Plant Pedia: Climate | Plant Biotechnology | Plant Science | Plant Tissue Culture
Showing posts with label Climate. Show all posts
Showing posts with label Climate. Show all posts

Sunday, January 23, 2011

The retractable liquid foam technology improved greenhouse climate

study in HortTechnology featured a new technology that improved greenhouse climates by reducing solar heat radiation and temperatures during the hot summer season. The study, published by a team of Canadian researchers, was the first investigation into the effects of application of the liquid foam technology as a shading method. Results showed that the technology improved greenhouse and plant microclimates and decreased air temperature more than conventional shading curtains traditionally used by greenhouse growers.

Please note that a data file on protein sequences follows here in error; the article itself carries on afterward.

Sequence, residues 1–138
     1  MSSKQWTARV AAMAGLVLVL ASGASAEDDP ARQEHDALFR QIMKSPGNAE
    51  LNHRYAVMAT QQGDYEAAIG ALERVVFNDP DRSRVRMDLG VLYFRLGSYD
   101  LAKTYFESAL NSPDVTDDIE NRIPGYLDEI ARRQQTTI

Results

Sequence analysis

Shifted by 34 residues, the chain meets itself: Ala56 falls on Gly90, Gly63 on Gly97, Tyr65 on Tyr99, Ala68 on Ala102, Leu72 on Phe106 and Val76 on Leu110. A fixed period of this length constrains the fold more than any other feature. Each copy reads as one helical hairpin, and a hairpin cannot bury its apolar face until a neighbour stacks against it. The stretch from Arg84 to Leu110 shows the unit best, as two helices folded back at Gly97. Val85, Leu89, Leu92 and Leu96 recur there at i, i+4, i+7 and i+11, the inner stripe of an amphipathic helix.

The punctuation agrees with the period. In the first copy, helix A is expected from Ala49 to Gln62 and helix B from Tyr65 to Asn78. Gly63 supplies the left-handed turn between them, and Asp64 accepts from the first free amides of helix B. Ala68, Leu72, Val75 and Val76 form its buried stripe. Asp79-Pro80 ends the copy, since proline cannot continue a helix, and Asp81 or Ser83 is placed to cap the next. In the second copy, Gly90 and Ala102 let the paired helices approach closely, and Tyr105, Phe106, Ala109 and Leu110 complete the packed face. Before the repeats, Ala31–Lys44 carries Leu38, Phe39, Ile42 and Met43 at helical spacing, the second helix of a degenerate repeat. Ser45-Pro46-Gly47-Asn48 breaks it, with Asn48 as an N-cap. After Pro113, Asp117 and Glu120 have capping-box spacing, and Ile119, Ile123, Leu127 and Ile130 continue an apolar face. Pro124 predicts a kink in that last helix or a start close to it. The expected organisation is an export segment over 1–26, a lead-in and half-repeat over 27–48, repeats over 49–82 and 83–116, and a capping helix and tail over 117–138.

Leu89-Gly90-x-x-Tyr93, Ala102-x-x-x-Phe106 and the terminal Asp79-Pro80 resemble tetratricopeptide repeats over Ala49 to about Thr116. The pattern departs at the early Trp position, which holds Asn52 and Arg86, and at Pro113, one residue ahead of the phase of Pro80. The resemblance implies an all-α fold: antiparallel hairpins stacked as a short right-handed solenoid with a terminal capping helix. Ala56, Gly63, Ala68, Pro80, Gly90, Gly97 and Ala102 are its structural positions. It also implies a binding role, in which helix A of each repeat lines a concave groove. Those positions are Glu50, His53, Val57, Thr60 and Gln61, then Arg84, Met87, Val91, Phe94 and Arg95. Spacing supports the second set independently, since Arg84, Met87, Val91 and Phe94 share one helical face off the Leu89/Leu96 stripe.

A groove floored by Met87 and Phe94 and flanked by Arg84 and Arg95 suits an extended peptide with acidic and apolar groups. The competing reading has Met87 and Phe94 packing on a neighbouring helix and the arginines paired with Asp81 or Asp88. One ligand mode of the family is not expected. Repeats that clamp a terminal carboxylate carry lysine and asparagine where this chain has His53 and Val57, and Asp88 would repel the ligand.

Excess temperature, solar radiation, and high vapor pressure deficit are major greenhouse concerns during the summer season. These extreme conditions increase plant stress and decrease crop productivity and fruit quality. Methods such as cooling pads and fogging systems have been used to prevent plant heat stress during the day, and various shading techniques are often used by growers to decrease solar radiation and reduce air and leaf temperatures. Shade cloths reduce the amount of solar energy entering the greenhouse and consequently decreased air temperature by partially cutting the heat portion of the solar radiation, but this incoming energy commonly contains more than 50% heat (infrared radiation), which is not useful for plant growth in the summer.